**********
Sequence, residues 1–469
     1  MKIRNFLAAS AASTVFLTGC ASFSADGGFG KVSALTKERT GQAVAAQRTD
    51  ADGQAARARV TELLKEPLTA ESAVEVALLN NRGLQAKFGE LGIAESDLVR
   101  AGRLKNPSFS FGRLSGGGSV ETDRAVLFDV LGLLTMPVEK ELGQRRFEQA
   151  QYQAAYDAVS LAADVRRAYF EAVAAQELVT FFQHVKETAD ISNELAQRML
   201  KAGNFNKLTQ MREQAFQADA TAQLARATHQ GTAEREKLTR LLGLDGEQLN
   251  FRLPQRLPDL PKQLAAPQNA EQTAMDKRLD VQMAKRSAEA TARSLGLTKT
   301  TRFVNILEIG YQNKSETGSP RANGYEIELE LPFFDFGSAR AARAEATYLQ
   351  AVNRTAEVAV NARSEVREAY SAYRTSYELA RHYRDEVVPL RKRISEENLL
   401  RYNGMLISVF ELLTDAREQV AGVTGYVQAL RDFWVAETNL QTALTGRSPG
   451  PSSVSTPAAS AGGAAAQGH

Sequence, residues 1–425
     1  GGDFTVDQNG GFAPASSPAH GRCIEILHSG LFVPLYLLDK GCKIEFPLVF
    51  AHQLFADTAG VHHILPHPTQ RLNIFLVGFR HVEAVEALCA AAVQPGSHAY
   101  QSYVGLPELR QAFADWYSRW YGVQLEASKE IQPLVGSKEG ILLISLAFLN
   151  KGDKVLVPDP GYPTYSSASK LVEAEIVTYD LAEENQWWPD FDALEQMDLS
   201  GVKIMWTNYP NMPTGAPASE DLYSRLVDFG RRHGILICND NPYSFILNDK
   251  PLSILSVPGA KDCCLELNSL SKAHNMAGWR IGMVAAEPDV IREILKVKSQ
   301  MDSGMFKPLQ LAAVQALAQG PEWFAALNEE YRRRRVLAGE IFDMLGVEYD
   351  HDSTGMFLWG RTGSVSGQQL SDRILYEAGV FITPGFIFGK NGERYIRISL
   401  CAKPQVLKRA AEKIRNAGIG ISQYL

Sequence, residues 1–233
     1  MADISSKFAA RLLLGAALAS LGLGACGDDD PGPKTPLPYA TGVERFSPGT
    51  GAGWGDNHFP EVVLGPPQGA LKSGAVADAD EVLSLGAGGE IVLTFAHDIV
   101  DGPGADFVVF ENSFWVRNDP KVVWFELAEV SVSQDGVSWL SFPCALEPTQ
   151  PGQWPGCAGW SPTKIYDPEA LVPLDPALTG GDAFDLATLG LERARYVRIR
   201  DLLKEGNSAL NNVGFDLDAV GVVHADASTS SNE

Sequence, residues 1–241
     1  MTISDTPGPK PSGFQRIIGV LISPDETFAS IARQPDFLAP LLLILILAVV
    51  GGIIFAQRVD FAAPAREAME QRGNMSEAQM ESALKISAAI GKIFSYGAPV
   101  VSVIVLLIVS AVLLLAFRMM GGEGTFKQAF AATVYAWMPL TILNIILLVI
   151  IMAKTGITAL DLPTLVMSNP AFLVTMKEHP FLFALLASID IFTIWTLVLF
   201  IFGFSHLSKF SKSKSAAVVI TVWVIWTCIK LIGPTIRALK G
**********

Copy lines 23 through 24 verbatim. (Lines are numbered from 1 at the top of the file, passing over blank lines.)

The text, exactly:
     1  MADISSKFAA RLLLGAALAS LGLGACGDDD PGPKTPLPYA TGVERFSPGT
    51  GAGWGDNHFP EVVLGPPQGA LKSGAVADAD EVLSLGAGGE IVLTFAHDIV